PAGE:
“One of the biggest things I did was launch a phone called Chocolate. I got the LG UK board to agree to put all the budget for one year into this one product. It really put LG on the map in the UK.”
‘It didn’t feel like work’
Sony Ericsson, head of global marketing (2007–2009)
“For Sony Ericsson, I looked after the Vodafone global customer unit. What a time to be at a fantastic brand – my role was big-budget sponsorship and big advertising campaigns. I ran a team of about 30 staff to drive market share and we hit the number three spot. Vodafone was our biggest customer and I was doing a lot of product presentations and roadmaps, but ultimately the sexiest stuff that I did was running promotions with Justin Timberlake and Usher. Given Sony Ericsson’s legacy in music with the Walkman, it was always a natural fit to use music as a platform to sell phones and raise awareness.
“We also sponsored something called the Champions’ League. It was a really good platform not just for competition winners but on the B2B side to get closer to our partners. There were times when it didn’t seem like I was working and I think that’s a sign you’re enjoying your job and career – I think marketing is fun, dynamic but also gets results, and we did get those results at Sony Ericsson.”
A conscious shift to software
Canonical, head of global marketing (2009–2012)
“Canonical is not a brand you’d necessarily have heard of but they make an operating system called Ubuntu. Similar to Firefox, it was big on desktop and looking to move into mobile. When I left Sony Ericsson I had opportunities with operators and BlackBerry but it would have been my fourth mobile manufacturer. I took the conscious decision to move into software, even though Apple’s App Store was still new and big software companies such as Airbnb and Uber didn’t exist yet.
“I was mostly working in emerging markets – Brazil, Russia, India and China – working in partnership with Dell and HP making Ubuntu into a competitor to Microsoft, stored on PCs. Mozilla loved my Canonical background and it helped me get that role.”
Getting the next billion online
Mozilla, global marketing director (2012–2016)
“At Mozilla my role was to get the next billion people online with Firefox OS, the mobile brand. Mozilla needed someone who knew the mobile industry to build a competitor to Google’s Android and Apple’s iOS. We launched Firefox OS phones 80 times across 50 markets with 17 operators in the four-year period.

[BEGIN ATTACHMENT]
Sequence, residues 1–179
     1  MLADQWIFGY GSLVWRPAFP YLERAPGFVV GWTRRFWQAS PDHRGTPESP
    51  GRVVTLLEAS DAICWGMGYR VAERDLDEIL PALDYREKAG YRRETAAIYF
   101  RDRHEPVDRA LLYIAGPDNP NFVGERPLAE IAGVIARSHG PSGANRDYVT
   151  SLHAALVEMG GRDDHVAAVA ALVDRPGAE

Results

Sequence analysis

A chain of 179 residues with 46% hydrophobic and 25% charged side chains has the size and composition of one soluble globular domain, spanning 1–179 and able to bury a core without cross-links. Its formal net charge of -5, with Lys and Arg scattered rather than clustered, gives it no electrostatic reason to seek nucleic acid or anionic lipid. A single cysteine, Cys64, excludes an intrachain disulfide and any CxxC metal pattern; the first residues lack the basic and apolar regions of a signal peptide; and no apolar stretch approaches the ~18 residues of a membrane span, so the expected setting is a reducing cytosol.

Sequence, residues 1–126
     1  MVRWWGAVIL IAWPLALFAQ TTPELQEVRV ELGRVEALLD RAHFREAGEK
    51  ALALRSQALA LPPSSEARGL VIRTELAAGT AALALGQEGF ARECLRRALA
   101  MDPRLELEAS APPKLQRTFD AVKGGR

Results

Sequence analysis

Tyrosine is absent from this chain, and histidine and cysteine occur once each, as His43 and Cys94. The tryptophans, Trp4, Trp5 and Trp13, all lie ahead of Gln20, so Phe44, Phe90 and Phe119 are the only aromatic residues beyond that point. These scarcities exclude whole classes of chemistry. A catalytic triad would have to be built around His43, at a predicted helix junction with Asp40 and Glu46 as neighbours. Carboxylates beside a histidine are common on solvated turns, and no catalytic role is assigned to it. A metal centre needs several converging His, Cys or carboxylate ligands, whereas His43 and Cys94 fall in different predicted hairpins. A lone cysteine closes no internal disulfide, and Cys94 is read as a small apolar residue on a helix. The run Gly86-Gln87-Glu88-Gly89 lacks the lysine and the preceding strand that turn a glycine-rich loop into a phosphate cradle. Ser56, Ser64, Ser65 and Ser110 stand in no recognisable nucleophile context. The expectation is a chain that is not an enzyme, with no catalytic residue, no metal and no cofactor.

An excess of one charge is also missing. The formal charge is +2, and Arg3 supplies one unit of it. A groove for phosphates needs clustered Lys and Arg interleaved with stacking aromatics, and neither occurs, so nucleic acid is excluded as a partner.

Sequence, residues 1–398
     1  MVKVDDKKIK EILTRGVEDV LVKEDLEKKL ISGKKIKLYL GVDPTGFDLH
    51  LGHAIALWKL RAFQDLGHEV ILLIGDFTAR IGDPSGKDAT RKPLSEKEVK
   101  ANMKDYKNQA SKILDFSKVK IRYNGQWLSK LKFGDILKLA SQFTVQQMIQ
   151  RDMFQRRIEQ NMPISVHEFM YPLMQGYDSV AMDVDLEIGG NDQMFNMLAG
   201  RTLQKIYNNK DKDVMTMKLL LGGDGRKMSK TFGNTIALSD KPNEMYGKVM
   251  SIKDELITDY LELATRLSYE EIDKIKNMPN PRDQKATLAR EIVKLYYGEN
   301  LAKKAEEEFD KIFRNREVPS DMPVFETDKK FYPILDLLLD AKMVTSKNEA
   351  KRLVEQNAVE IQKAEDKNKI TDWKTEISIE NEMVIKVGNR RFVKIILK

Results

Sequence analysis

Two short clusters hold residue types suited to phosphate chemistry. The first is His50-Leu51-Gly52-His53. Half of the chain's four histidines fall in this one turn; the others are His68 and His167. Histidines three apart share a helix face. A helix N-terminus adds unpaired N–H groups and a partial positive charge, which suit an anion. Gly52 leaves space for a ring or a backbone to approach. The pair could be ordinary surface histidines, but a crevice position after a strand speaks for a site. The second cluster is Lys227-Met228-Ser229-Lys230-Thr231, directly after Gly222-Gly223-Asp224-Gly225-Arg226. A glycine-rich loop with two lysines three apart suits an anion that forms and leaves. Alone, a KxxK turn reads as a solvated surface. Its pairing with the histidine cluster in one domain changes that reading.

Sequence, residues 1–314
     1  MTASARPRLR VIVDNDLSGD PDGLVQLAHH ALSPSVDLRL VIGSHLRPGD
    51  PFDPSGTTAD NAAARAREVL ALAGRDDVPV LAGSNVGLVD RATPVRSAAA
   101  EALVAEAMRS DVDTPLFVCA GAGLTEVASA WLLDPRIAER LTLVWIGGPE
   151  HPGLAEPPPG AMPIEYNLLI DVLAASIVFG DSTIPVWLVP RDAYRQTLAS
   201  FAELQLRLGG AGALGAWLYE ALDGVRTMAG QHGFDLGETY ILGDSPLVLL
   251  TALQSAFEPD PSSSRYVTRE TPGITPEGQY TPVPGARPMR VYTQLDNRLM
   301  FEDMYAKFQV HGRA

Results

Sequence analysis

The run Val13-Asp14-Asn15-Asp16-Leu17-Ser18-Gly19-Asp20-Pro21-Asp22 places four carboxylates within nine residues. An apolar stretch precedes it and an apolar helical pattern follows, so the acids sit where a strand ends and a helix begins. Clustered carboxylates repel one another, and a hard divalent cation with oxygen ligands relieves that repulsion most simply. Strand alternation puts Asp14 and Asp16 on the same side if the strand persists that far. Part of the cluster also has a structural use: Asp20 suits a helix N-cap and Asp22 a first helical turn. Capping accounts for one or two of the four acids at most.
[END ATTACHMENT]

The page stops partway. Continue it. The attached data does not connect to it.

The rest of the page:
“One thing I was proud of at Mozilla was creating the Firefox OS brand. I also created a community of ‘Mozillians’ who helped with our launches, and became spokespeople and trainers. They continue to be a vital cog in the Mozilla machine.
“Mozilla is a not-for-profit, so the thought of working with operators and manufacturers and driving commercial revenue was at times difficult. It is a fine balancing act to service the needs of being a mission-driven organisation and driving revenue.
“Over four years, we spent the first in Latin America, the second in south-east Asia where we launched the first $25 smartphone and brought smartphones to India. My last year was across Africa where, working with Orange, we launched in several countries. We won awards for the Klif device and marketing campaign.
“Mozilla today generates a lot more revenue than ever before thanks in large part to the growth in mobile achieved through Firefox OS.”
Dexcom, marketing director (2016-present)
“Dexcom is a medical devices company based in San Diego with a range of products that check blood glucose levels. Diabetes is an epidemic globally – one person in 11 has diabetes. We get two or three letters every week from people who say they love Dexcom and it has saved their child’s life. Every new app is out there to save people’s lives, but we genuinely see this happen.
“We opened an office in Edinburgh and I was hire number one. Now in Europe we are over a hundred strong. My role is taking what I have learned over the last 25 years, setting up a digital function, hiring staff across multiple countries, authoring the strategy, and lots of lead nurturing and commercial aspects. It’s also maintaining the brand and creating lots of assets – there are 39 websites across EMEA.
“We have 2,000 people behind us and a head office in San Diego, but we are still ostensibly a startup.”
John Bernard’s CV
Marketing director, EMEA
Global marketing director
Head of global marketing
Head of global marketing
Ford Motor Company
Marketing executive leading to brand manager
The post How one mobile marketing specialist is now helping to save lives appeared first on Marketing Week.
Phvntom, Inc. is a digital marketing company located in Boise, Idaho that creates websites, apps, and full-scale promotions/campaigns for other businesses. The views and opinions expressed in this article are strictly those of its authors and were not written by Phvntom. This article was originally published by Marketing Week.